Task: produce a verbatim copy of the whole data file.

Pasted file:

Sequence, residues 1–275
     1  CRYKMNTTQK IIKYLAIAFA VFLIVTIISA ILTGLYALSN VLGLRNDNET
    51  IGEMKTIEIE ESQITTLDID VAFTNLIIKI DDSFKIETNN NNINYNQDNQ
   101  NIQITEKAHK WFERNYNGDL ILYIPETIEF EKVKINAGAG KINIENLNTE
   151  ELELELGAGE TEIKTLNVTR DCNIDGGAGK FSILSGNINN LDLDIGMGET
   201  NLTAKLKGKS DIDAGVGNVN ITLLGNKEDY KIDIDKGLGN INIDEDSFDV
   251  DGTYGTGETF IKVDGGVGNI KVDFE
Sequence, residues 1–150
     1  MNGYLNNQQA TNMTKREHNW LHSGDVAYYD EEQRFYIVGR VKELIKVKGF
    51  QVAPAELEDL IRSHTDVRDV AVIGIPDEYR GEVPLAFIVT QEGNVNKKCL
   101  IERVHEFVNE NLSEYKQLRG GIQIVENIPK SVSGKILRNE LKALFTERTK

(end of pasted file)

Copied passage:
Sequence, residues 1–275
     1  CRYKMNTTQK IIKYLAIAFA VFLIVTIISA ILTGLYALSN VLGLRNDNET
    51  IGEMKTIEIE ESQITTLDID VAFTNLIIKI DDSFKIETNN NNINYNQDNQ
   101  NIQITEKAHK WFERNYNGDL ILYIPETIEF EKVKINAGAG KINIENLNTE
   151  ELELELGAGE TEIKTLNVTR DCNIDGGAGK FSILSGNINN LDLDIGMGET
   201  NLTAKLKGKS DIDAGVGNVN ITLLGNKEDY KIDIDKGLGN INIDEDSFDV
   251  DGTYGTGETF IKVDGGVGNI KVDFE
Sequence, residues 1–150
     1  MNGYLNNQQA TNMTKREHNW LHSGDVAYYD EEQRFYIVGR VKELIKVKGF
    51  QVAPAELEDL IRSHTDVRDV AVIGIPDEYR GEVPLAFIVT QEGNVNKKCL
   101  IERVHEFVNE NLSEYKQLRG GIQIVENIPK SVSGKILRNE LKALFTERTK